Boston Holocaust Memorial
Few events in history incite more emotion than the Holocaust. The Holocaust took the lives of over six million jews and countless other minorities and ethnicities. It is an historical event that we have come to remember frequently and will continue to acknowledge in the future. There are many sites that pay tribute to these horrid events across the globe, One is located across from the Boston city hall steps.
Designed by Stanley Saitowitz and built in 1995, The memorial displays six enormous 54 foot glass towers.There is a walk way the travels under all six of the towers for visitors to walk through and admire. The towers consist of thousands of numbers that represent the six million jews that lost their lives during the holocaust. on the inside of the glass, there are many quotes from holocaust survivors inscribed on the walls. Each tower consist of 24 panels of glass with two of the panels containing quotes while the other 22 have the 7 digit number inscribed on them. Steam Rises from under the towers and billowing out of the top, which Saitowitz described as, “Like human breath as it passes through the glass chimneys to heaven”. The number six has many meanings that relate to the Holocaust. The Six towers in this case stand for 6 of the concentration camps that exterminated so many people,CHELMNO. TREBLINKA. MAJDANEK. SOBIBOR. AUSCHWITZ-BIRKENAU. BELZEC. All six towers are placed over pits filled with black concrete and each pit has an glowing light at the bottom. Each end of the memorial has a large stone, one at the end of the walk way has a very moving quote from pastor Martin Niemoller reading,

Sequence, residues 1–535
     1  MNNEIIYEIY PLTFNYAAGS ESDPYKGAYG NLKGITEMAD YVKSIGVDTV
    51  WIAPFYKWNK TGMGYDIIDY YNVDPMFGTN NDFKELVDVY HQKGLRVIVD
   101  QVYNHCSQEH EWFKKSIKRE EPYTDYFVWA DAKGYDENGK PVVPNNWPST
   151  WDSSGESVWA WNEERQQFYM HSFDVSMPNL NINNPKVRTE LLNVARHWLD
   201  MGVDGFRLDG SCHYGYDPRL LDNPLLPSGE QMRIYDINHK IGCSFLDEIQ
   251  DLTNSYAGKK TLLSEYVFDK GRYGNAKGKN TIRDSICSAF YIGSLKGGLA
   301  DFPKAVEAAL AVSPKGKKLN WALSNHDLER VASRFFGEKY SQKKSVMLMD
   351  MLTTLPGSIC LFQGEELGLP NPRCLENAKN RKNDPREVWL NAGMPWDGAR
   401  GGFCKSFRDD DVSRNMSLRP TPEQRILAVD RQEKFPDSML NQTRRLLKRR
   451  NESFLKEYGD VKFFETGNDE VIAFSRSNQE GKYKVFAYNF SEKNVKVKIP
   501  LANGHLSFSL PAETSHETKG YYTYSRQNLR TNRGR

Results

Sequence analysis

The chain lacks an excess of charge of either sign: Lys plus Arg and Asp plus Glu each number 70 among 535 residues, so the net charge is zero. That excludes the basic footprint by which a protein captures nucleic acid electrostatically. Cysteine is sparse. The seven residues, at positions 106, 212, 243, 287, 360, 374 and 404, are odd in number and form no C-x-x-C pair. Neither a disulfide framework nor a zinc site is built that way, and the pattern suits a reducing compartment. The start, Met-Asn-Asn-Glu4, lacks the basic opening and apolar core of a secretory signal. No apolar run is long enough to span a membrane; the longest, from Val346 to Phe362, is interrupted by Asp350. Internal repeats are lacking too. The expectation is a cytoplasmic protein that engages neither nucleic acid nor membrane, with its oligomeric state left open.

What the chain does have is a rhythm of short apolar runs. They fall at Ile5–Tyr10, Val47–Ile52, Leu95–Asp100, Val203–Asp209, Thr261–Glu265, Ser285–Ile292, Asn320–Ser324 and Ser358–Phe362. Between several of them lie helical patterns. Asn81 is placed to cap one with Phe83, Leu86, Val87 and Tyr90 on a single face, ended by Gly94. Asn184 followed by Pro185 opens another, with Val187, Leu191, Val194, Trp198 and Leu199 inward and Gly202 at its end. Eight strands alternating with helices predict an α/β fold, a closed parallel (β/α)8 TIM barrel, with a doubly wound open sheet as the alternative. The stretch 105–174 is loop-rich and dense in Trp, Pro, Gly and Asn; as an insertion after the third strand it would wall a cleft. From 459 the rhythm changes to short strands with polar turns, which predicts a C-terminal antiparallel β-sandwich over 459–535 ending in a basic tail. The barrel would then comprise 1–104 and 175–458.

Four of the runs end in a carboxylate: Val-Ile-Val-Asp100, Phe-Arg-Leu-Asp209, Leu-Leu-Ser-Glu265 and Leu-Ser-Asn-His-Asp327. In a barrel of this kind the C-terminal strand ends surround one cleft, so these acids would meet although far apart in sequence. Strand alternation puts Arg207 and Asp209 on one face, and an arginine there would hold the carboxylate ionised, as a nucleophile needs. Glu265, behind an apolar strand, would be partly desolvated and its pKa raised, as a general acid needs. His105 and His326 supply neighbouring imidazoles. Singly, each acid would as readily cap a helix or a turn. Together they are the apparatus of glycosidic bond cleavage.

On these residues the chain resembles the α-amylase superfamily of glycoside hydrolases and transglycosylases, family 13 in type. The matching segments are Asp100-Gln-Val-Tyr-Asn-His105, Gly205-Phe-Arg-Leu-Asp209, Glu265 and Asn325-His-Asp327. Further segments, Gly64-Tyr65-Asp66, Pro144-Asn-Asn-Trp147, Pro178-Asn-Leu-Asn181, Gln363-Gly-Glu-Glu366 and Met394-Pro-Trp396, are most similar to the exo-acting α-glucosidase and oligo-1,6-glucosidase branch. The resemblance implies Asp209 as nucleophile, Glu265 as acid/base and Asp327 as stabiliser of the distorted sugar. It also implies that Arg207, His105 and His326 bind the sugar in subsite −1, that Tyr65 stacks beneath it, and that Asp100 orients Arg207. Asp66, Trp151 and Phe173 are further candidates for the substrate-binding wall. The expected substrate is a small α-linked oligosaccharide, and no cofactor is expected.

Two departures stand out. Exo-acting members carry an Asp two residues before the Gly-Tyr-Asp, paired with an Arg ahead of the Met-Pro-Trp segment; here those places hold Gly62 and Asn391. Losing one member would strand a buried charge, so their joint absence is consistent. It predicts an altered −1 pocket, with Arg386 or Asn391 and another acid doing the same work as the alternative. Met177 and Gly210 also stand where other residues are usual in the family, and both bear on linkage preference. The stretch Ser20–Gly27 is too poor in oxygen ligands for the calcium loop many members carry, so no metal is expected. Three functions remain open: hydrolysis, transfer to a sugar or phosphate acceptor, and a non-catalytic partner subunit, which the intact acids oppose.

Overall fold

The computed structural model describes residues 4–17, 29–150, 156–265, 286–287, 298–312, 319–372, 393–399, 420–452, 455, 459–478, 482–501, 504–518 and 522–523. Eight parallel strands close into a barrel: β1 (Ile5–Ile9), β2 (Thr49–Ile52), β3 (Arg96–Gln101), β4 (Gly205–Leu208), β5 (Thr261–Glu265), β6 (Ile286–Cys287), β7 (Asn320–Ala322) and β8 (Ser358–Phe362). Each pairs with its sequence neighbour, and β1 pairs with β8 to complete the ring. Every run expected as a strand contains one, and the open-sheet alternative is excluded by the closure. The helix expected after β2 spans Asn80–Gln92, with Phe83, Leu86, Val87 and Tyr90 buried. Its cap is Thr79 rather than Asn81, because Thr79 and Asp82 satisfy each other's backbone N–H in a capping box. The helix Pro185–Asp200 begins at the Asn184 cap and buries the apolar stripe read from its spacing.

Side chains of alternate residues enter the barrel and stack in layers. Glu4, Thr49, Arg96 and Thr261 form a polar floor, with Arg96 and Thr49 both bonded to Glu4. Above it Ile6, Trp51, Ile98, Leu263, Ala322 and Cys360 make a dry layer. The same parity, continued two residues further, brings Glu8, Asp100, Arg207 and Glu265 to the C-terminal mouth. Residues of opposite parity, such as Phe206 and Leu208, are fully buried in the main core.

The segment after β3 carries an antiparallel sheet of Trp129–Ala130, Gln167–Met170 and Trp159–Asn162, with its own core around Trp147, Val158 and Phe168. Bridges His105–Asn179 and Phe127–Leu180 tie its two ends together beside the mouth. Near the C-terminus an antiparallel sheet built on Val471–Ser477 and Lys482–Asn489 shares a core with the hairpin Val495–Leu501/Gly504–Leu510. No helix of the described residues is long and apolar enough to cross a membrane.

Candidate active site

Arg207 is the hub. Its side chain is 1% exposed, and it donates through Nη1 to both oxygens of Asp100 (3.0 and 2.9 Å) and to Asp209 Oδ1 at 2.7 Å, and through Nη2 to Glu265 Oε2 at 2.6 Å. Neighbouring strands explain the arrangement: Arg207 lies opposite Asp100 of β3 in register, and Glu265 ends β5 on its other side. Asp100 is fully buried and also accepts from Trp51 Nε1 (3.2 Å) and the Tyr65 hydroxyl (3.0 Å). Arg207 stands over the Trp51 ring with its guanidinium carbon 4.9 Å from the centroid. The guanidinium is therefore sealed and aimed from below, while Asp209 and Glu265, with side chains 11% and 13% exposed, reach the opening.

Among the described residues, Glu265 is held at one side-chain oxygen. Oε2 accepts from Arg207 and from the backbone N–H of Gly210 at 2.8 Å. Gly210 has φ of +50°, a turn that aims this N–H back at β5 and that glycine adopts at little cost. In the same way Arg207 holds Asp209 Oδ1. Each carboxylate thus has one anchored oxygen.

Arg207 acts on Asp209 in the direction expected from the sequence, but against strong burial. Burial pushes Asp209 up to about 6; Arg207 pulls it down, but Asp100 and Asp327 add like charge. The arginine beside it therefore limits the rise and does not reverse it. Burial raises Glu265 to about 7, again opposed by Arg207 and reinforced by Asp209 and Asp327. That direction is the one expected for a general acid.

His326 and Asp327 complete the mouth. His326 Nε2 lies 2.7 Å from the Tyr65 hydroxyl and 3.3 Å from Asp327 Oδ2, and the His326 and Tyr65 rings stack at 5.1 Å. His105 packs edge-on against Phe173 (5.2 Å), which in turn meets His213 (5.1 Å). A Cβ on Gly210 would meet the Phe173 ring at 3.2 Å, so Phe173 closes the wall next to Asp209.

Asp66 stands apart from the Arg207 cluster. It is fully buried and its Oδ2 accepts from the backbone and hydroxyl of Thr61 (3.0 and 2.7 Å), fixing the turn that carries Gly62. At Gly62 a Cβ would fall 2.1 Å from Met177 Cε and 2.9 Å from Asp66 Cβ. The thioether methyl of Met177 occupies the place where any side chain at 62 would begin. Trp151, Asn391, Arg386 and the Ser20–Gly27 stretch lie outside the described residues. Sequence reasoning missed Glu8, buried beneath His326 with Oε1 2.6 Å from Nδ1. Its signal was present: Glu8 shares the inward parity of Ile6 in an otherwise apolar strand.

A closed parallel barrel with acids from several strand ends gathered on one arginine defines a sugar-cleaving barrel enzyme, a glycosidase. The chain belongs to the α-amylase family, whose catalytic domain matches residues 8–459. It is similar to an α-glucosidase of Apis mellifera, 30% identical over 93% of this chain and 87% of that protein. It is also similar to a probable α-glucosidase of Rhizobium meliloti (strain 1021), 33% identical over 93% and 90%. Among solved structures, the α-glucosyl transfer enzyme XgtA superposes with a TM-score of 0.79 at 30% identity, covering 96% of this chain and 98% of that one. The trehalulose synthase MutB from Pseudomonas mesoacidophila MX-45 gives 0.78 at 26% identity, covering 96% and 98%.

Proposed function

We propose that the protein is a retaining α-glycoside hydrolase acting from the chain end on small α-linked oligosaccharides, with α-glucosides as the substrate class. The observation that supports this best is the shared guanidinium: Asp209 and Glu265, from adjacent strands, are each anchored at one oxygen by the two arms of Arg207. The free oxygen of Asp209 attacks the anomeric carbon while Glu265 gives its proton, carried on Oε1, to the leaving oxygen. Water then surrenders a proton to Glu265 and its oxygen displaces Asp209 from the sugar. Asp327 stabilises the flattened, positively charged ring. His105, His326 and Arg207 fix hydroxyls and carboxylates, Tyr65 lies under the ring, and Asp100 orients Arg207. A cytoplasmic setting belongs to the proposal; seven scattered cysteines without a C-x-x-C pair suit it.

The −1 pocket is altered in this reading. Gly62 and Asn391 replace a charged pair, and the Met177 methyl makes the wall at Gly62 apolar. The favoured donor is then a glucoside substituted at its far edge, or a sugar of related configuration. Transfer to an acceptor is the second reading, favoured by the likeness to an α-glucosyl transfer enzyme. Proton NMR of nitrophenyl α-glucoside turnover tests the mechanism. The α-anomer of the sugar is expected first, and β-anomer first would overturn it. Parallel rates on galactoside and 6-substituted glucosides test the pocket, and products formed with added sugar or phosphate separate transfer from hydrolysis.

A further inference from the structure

“They came first for the Communists, and I didn’t speak up because I wasn’t a Communist.Then they came for the Jews, and I didn’t speak up because I wasn’t a Jew.Then they came for the trade unionists, and I didn’t speak up because I wasn’t a trade unionist.Then they came for the Catholics,and I didn’t speak up because I was a Protestant.Then they came for me, and by that time no one was left to speak up.”
This quote has come to remind many people why we have such a memorial and why we remember these events. It is hard to believe that anyone could be aware of the brutal events in the concentration camps, and if they did know, how could they not do anything? it shows us that we should always speak up for those who cannot speak for them selves. The quote also reminds us that it was not just the jews that received these unfair punishment but communist, trade unionists and catholics as well and of course countless other groups including the handicapped. This memorial is about remembrance and we must always remember it so that we do not repeat it.
the location of the memorial seemed a bit strange to me but I think being near the freedom trail is a good way of making the point that we must fight for everyones freedoms. it is located in carmen park which is named after william carmen for his role in creating the holocaust memorial. A collaboration of government and non-profits maintain operations and the Boston National Historic Park maintains it.